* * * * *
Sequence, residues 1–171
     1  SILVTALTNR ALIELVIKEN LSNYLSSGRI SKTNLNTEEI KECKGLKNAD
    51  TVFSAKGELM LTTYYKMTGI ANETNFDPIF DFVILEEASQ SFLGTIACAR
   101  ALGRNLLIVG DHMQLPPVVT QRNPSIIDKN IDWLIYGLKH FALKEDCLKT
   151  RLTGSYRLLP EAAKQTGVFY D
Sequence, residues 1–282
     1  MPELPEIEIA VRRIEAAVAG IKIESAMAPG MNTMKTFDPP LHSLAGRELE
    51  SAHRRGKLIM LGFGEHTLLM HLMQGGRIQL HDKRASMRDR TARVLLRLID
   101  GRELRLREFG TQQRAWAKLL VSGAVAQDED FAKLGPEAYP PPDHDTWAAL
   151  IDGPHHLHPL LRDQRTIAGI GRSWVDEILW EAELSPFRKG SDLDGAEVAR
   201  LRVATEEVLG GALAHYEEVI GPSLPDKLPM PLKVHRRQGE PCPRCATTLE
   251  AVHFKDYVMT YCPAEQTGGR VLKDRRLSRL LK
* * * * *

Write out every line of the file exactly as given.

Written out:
Sequence, residues 1–171
     1  SILVTALTNR ALIELVIKEN LSNYLSSGRI SKTNLNTEEI KECKGLKNAD
    51  TVFSAKGELM LTTYYKMTGI ANETNFDPIF DFVILEEASQ SFLGTIACAR
   101  ALGRNLLIVG DHMQLPPVVT QRNPSIIDKN IDWLIYGLKH FALKEDCLKT
   151  RLTGSYRLLP EAAKQTGVFY D
Sequence, residues 1–282
     1  MPELPEIEIA VRRIEAAVAG IKIESAMAPG MNTMKTFDPP LHSLAGRELE
    51  SAHRRGKLIM LGFGEHTLLM HLMQGGRIQL HDKRASMRDR TARVLLRLID
   101  GRELRLREFG TQQRAWAKLL VSGAVAQDED FAKLGPEAYP PPDHDTWAAL
   151  IDGPHHLHPL LRDQRTIAGI GRSWVDEILW EAELSPFRKG SDLDGAEVAR
   201  LRVATEEVLG GALAHYEEVI GPSLPDKLPM PLKVHRRQGE PCPRCATTLE
   251  AVHFKDYVMT YCPAEQTGGR VLKDRRLSRL LK